The third response is suggested by G.A.Cohen, by way of his criticism of Rawls' difference principle. To Cohen, the market incentive system where the talented get to be paid more than the untalented is unfair. It is already lucky enough to get to be LeBron James: people admire him for his talent. He would play even without monetary compensation for his love of basketball and for his zeal to perfect his talent. Given this, rewarding him with money for his talent is not called for. Cohen believes that Rawls is wrong to think that justice and egalitarian principles apply only to the social structure, and not to individuals. To Cohen, a society is just when its people as well as its institutions are guided by egalitarian principles. Cohen's just society will not display incentive-generated inequality. LeBron James will work hard in his game without demanding or receiving the incentive pay. enter image description here

For this reason, the society envisioned by Cohen will have economic equality as well as economic growth (and efficiency). Naturally, to Cohen, egalitarian justice is achieved without the scheme of the wealth tax.

  • The Difference Principle seems to justify the tax only by its end. It's difficult for me to accept that. Is this an utilitarian approach? – mike Jun 18 '17 at 13:15
  • Wow, that is sharp, Mike! I was almost going to write the tax as a means to the egalitarian justice, and then thought Rawls would hate it if I phrased that way, given that Rawls is Kantian. I have a way to respond to your criticism, but I am curious what you think on the matter. Would you defend him or attack him? – Nanhee Byrnes PhD Jun 18 '17 at 14:30
  • I am an amateur in philosophy and know nothing about Rawls. I'll read up on the Difference Principle. Is it enough to read A Theory of Justice? It's mentioned there in the second chapter in section 13. – mike Jun 18 '17 at 15:09
  • I literally had to pull my hair to read that book many years ago. Hopefully, your intellectual maturity is far ahead of mine then. SEP has some good intro to Rawls, so it might be a good idea to start from there. then you can go on to read the book, and see how much you disagree with the interpreters of Rawls. – Nanhee Byrnes PhD Jun 18 '17 at 16:52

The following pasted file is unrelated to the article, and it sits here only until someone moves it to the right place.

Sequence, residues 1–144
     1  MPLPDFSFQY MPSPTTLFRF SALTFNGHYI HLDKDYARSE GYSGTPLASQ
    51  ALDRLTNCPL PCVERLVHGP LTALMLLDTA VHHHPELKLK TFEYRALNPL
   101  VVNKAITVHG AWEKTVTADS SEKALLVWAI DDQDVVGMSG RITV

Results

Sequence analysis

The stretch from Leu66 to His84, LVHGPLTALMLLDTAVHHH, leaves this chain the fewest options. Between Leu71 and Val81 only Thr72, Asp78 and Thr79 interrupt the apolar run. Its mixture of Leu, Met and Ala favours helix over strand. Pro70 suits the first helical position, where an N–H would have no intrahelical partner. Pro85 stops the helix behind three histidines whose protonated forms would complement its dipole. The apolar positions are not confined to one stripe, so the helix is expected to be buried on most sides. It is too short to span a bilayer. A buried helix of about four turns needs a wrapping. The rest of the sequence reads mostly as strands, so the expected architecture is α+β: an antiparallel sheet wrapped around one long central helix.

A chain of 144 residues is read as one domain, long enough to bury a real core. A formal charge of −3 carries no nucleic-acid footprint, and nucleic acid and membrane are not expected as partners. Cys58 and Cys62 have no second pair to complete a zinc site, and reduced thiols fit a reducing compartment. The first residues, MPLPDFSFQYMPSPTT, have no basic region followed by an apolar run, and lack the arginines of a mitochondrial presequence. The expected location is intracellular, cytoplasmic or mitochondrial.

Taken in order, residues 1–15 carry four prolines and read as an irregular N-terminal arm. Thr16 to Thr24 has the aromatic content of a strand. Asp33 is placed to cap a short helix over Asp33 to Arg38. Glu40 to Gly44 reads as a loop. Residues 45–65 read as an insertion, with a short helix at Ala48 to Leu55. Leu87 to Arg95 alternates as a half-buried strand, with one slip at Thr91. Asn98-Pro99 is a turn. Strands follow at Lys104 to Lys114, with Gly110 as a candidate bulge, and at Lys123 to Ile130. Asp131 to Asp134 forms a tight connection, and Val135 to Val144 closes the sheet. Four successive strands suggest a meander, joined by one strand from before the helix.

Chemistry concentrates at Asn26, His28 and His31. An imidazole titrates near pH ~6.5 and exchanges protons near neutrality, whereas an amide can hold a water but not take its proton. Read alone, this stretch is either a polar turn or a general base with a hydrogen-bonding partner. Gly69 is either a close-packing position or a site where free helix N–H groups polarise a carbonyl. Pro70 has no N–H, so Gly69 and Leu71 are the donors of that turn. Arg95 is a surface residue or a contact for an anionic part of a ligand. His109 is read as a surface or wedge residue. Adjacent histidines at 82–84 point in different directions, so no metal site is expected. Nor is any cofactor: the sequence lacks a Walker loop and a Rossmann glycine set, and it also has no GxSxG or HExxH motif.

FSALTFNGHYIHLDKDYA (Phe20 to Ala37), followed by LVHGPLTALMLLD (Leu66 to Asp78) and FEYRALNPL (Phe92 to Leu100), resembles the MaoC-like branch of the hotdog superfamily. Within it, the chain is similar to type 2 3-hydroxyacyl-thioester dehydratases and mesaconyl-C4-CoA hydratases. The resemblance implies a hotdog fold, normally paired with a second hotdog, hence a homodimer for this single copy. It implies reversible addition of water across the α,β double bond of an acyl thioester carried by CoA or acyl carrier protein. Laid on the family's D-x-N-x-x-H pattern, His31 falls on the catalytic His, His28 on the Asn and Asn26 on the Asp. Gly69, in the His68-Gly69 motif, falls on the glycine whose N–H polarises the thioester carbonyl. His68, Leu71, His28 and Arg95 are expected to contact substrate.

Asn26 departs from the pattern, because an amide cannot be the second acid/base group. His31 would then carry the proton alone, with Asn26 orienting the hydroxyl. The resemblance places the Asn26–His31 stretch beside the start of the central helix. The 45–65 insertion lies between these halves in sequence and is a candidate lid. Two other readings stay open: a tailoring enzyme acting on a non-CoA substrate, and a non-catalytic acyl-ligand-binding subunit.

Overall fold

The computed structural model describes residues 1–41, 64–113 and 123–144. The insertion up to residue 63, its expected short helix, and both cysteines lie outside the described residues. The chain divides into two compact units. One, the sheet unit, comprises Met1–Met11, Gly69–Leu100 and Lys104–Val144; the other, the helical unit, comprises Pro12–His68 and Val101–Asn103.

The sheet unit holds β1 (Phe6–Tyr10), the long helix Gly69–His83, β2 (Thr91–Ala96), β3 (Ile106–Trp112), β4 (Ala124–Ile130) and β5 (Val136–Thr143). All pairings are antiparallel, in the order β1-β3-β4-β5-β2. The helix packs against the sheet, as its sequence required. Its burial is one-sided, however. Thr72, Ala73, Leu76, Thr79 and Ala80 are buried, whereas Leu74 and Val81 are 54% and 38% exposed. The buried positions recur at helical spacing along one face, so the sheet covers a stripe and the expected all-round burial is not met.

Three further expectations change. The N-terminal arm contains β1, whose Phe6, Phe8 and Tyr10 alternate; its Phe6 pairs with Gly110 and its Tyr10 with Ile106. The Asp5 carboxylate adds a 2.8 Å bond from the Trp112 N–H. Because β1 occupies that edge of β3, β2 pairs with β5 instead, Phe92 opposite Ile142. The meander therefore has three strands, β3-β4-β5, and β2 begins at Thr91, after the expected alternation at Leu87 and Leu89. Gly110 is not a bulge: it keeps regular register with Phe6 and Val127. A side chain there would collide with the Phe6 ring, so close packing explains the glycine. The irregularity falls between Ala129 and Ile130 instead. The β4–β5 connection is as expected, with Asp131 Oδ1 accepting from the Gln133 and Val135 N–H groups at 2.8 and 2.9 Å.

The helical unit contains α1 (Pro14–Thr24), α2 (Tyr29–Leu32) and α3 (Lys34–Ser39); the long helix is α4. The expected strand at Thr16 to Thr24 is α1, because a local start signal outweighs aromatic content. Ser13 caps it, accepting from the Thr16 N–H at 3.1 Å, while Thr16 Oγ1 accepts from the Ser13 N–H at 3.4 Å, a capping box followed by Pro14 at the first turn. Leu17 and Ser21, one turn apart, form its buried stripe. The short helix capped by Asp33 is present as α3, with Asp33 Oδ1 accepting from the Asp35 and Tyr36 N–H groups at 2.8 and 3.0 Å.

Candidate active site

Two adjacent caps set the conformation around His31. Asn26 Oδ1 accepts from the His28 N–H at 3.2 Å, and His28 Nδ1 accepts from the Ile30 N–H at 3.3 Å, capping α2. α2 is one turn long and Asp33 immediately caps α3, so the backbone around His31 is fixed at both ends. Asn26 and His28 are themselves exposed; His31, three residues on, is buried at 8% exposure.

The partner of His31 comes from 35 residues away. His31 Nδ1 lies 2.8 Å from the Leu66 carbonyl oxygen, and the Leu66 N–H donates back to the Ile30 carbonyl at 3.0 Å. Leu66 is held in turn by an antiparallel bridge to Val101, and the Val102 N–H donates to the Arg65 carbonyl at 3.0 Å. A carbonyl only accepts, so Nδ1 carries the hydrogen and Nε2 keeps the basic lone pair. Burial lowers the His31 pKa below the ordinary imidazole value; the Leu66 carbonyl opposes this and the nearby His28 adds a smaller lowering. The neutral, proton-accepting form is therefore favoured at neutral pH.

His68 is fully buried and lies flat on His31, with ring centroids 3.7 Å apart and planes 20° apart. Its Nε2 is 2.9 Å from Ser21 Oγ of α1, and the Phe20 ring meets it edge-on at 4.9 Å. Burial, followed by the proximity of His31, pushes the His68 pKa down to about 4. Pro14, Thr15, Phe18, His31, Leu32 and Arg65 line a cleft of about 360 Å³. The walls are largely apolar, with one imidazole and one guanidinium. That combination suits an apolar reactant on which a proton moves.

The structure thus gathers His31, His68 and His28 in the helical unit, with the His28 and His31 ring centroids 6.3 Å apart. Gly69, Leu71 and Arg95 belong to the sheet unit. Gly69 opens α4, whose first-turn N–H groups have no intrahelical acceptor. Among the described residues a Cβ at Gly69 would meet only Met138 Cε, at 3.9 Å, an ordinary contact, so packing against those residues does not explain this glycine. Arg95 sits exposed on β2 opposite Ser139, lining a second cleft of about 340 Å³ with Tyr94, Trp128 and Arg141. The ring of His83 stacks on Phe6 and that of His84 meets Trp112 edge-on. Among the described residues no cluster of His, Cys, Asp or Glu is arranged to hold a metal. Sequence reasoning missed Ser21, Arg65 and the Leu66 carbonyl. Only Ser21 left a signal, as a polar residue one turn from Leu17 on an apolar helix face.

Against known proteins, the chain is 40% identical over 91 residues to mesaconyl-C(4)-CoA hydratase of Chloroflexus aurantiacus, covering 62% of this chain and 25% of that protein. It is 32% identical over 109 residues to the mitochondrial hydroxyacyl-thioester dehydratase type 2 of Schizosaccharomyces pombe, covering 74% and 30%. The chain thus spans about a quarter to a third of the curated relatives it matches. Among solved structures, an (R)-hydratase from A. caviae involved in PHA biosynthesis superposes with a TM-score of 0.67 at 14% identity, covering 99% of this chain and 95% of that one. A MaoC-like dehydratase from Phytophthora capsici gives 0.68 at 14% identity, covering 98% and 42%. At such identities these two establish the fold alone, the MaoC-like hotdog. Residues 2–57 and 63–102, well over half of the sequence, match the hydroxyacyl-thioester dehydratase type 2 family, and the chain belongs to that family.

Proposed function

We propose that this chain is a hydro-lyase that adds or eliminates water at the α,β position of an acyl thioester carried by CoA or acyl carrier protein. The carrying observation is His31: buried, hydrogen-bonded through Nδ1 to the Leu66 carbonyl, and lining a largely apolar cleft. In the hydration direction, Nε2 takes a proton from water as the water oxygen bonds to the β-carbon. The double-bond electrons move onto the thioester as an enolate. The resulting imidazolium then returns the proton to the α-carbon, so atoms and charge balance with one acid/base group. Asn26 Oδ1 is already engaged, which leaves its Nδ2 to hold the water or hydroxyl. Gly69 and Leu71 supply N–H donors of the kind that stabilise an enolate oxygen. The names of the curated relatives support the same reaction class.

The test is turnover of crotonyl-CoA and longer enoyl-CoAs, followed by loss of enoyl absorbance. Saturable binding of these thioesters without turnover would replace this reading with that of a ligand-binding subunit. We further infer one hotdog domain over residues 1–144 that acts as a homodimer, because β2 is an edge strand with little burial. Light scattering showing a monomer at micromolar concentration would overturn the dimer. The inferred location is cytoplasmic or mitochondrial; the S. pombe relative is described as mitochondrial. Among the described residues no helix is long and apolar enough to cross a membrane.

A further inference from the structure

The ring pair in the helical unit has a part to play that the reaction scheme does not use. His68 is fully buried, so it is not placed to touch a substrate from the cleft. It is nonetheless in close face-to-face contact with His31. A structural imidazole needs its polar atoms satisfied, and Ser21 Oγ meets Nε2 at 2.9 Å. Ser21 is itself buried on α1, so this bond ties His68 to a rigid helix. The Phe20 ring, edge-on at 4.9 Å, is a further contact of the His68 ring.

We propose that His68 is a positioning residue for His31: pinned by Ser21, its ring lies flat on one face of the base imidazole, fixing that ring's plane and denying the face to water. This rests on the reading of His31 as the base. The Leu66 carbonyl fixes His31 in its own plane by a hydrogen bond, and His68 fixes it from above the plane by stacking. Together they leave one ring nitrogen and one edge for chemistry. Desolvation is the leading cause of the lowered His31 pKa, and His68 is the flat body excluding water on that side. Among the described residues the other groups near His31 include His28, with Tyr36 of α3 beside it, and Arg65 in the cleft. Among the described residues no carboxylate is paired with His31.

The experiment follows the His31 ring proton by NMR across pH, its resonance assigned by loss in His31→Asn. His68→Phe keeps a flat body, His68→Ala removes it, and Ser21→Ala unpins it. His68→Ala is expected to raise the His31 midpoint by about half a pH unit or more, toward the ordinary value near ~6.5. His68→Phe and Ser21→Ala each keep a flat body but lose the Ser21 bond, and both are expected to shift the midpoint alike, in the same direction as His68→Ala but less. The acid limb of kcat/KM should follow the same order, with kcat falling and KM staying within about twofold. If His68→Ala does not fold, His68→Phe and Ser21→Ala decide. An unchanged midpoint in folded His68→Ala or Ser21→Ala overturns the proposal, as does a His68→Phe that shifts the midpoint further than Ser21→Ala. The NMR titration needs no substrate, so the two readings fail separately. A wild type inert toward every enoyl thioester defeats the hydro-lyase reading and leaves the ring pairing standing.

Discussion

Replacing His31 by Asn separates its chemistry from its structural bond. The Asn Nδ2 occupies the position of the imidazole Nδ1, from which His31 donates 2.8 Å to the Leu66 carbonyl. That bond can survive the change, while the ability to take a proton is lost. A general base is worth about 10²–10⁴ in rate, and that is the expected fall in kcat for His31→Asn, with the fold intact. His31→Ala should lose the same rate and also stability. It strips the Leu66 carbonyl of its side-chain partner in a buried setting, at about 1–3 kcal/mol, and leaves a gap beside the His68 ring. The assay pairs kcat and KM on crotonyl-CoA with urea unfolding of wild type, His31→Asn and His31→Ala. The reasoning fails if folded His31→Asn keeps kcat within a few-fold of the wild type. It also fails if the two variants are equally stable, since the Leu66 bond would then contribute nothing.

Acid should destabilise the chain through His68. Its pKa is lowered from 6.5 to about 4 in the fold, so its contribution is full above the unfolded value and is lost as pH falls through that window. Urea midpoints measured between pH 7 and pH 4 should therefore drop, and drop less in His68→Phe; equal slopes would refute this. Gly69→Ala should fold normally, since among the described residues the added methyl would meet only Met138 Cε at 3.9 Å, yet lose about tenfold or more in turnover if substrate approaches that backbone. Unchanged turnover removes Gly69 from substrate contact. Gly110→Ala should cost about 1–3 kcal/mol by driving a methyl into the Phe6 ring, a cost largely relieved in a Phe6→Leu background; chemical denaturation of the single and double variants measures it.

• I've not read Nozick, but I wonder if you could expand just a little. As expressed his theory sounds ridiculously weak, I'm having a hard time believing something like that really got past any serious editor. – Isaacson Jun 19 '17 at 8:55
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In the 20th Century perhaps the best known advocation of wealth redistribution was presented by John Rawls in 'A Theory of Justice'.
Simply put, he supports the idea that any decision should be made from the hypothetical original position behind a veil of ignorance. Behind the veil, subjects do not know any specific facts about their own life, their natural talents, or what position they would hold in society, but are awarded "general facts about human society".
As no one would therefore be able to make a ruling that would explicitly advantage themselves in the real world, any agreement on a principle behind the veil would therefore be fair and grounded in justice. A fear that a person behind the veil may find themselves in an unfortunate real-world position suggests that any conception of a principle must at least work towards the benefit of the less fortunate.
Related to the case of tax, a Rawlsian would likely champion progressive taxation. This would not be a violation of the rights of rich people, as a rich person themselves would necessarily take the same course of action behind the veil. Rawls defends a person's right to make money, so long as it also works towards the advantage of the less fortunate - i.e. that their earnings are appropriately taxed and reinvested to aid those in need.
In the UK, Tony Blair was a major advocate of Rawlsian theory. His New Labour were content with people becoming "filthy rich"(Mandelson), but this period also saw public sector net investment increase from 35% of national income in 1997, to 47% in 2010.

  • Thx for your answer. Progressive taxation implemented in the form of wage taxes - if I understand you right? But what are arguments for/against taxation of wealth? Is it wrong to take from fortune, which is already earned and went through tax? And why? – mike Feb 15 '17 at 18:14
  • "...a rich person themselves would necessarily take the same course of action behind the veil". Do you have any justification for this belief? The voting practices of the poor not being universally in favour of higher taxation/social welfare (see the support for the Conservatives here in England), would seem to suggest that many, even from a position of relative poverty, would rather take the risk of no support through hard times in order to reap the reward of a higher retention of wealth in the good times. – Isaacson Feb 16 '17 at 10:48